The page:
|With Ms. Tamayao and her staff at the ELC Library|
My program was very simple. I did an author talk and told stories. What made it really special was the question and answer portion of the program. One of the grade one teachers asked me for tips on writing since they have a unit on writing a personal narrative. My answers were very practical.
I told them to:
1. Write everyday. Keeping a journal helps me in generating ideas as well as maintaining the brain ready for writing. My blog is my online journal. I have a notebook I carry with me every day where I write random thoughts.
2. Write what you know. My stories come from personal experiences.
3. If words are difficult to come by, draw! Do some art.
4. Talk. Conversations help me a lot because writing involves a lot of thinking. Keeping all the ideas in your head can get stuck there and it will stagnate. Talking to someone helps in shaping ideas and in the growth of stories.
5. Listen for feedback even if you are only beginning with an idea for a story.
|A letter from one of the grade 1 students of the ELC of Brent ISM. Happiness!|
Sadly, the time was too short to tell them more. So, here are some additions that may prove helpful.
a. Just write. Making your story neat and clean can be done later on.
b. Having said this, remember that writing is a process. It begins with pre-writing; the writing of the story; revision and editing; and publishing. Much of what I said in 1-5 are pre-writing exercises. Here is an infographic to further help you in becoming aware of the writing process. Your teacher and parent can be a big help in helping you follow through the steps. This would mean that you would be spending a good amount of time when writing your story or a topic that you like.
c. A story has three basic parts: the beginning, the middle and the end. In your personal story, ask yourself what happened first. After that, what was next? Was there a problem? Was it solved? How did you feel? At last, tell us how it ended.
Once a grade one student of mine wrote about eating a delicious cake. His story went like this:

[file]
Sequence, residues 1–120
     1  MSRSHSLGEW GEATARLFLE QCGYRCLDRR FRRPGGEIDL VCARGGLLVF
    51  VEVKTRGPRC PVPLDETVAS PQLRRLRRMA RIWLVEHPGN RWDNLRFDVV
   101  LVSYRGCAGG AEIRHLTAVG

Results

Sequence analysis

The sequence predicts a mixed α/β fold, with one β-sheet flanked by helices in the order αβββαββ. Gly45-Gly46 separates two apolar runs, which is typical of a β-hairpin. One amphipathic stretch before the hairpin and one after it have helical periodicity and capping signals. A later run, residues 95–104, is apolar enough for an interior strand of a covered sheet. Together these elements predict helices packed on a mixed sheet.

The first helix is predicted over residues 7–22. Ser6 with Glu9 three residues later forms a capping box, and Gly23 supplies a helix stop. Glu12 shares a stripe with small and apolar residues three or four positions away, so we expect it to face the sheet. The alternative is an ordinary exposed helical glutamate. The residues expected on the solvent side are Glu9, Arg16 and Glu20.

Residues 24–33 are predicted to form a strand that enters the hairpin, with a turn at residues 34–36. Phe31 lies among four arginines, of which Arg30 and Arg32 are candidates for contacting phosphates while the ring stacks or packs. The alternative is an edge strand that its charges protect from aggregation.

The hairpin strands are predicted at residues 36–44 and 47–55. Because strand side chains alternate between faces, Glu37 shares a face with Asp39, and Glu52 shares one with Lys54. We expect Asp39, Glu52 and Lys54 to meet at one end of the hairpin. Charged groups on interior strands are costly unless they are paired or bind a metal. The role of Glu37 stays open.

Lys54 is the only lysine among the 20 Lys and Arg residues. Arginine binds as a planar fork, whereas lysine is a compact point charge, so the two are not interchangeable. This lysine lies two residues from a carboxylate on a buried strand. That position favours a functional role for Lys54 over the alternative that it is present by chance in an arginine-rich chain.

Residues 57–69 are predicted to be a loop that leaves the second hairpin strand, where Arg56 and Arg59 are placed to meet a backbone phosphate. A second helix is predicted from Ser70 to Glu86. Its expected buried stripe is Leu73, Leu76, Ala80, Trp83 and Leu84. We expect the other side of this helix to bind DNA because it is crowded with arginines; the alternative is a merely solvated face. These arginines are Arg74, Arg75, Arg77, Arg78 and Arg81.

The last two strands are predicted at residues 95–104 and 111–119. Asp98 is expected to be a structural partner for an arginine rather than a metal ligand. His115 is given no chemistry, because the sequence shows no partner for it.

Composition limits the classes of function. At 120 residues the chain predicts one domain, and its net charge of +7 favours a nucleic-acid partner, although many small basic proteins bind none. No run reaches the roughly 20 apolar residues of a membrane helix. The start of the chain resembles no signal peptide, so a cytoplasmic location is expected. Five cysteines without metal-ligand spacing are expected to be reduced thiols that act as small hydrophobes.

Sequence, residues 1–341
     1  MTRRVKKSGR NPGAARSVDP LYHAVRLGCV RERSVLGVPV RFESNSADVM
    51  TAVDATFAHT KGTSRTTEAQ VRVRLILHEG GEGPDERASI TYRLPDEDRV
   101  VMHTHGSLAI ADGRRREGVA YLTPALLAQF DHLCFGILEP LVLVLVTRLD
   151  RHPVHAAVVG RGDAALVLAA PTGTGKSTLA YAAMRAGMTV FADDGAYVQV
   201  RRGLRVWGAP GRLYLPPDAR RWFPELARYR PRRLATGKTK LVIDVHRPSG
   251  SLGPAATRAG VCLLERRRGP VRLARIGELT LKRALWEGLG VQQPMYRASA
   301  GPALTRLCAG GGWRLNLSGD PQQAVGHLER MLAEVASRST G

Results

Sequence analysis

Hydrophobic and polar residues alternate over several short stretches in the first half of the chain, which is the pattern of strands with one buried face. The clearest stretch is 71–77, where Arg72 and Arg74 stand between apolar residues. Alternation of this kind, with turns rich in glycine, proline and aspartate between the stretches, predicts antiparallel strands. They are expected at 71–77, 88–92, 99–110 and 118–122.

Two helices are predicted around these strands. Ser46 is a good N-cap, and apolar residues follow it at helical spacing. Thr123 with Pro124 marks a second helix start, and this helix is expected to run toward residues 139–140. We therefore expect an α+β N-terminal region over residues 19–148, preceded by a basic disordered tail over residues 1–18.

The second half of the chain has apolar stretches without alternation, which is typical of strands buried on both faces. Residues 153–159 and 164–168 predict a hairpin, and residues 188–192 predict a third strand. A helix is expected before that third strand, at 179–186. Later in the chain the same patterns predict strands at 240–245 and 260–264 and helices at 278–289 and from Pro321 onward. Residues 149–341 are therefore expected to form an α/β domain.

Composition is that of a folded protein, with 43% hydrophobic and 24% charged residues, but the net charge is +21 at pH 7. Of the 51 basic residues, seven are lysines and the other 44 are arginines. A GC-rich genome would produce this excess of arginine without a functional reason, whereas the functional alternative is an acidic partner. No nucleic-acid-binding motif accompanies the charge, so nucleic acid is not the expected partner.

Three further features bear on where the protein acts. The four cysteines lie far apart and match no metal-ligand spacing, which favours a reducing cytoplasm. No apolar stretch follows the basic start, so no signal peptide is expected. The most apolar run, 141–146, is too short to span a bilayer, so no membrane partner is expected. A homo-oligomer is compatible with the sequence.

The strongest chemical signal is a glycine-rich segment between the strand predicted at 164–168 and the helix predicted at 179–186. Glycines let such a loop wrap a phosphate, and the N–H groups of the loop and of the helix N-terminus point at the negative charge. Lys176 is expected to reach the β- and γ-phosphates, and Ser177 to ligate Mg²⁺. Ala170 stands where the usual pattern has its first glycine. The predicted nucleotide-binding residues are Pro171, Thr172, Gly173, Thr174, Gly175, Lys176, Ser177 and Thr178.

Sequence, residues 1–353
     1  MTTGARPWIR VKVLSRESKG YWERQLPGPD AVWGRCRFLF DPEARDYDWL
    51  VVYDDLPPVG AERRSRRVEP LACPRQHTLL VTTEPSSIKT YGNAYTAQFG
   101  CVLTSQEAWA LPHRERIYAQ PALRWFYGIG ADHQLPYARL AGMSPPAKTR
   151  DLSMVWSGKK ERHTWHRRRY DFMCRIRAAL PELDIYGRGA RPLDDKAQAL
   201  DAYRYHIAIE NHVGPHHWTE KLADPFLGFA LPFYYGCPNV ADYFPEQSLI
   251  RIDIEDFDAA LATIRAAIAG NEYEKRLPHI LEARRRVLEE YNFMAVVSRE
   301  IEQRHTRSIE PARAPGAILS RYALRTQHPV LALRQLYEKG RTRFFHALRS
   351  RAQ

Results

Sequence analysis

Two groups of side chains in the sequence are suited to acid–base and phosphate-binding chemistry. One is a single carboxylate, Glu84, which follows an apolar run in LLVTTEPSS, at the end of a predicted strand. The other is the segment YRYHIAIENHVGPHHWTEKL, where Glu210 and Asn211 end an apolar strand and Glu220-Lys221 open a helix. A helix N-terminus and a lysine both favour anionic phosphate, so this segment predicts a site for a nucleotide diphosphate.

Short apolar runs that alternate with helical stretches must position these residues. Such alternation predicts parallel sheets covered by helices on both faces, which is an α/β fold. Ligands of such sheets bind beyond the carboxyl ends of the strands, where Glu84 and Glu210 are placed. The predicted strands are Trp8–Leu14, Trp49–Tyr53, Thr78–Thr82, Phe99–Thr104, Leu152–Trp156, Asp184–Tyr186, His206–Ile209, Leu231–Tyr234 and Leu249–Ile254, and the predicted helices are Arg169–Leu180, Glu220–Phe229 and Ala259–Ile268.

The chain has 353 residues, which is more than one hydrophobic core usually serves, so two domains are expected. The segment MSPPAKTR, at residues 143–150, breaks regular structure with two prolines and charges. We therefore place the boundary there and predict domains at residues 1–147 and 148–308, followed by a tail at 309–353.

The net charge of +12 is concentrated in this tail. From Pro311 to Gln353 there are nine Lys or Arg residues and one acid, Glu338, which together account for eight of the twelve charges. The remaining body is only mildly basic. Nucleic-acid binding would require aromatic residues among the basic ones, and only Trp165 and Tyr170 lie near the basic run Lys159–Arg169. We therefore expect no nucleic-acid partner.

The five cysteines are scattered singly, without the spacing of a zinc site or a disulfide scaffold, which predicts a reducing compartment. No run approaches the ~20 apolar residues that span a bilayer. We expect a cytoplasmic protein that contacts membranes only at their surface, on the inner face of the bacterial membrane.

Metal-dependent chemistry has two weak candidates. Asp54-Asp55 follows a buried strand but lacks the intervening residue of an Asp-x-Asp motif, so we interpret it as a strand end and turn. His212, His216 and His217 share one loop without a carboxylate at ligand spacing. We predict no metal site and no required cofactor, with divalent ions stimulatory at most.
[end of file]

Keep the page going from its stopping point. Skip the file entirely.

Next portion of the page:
BEGINNING - I ate a piece of chocolate cake. It was yummy!
MIDDLE - I drank a glass of milk. My tummy hurt. I went to the bathroom and threw up. I felt awful. Mom made me drink a lot of water and I took a medicine.
END - I rested for a while, then, I farted! I felt better.
When I read the story with him, we were laughing. I asked him if all the words work well in each parts. Guess which word we changed during the revision stage?
d. Keep an open mind when your family, your teacher and friend send feedback or comments. Some comments are good and many are given so you can write better.
d. READ! READ! READ!
Writing is not easy, but it can be enjoyable. I love writing because I have stories to share. When I share stories, I realize I am not alone. I get to understand myself better and at the same time, I take in the perspectives of others. How similar we all are! This only goes to show how, despite the differences among people of color, race, religion and culture, we share the same humanity. We are all humans. We are all peoples of the world.
Share your story! Start writing!
Infographic Source: https://s-media-cache-ak0.pinimg.com/736x/80/5a/a4/805aa4ecdb5f01d1a7dbfb492c7eeafc.jpg
Zarah Gagatiga conducts one-on-one writing workshops for K-12 and runs writing camps in the summer. The 2017 calendar is open for reservations. Get in touch via firstname.lastname@example.org.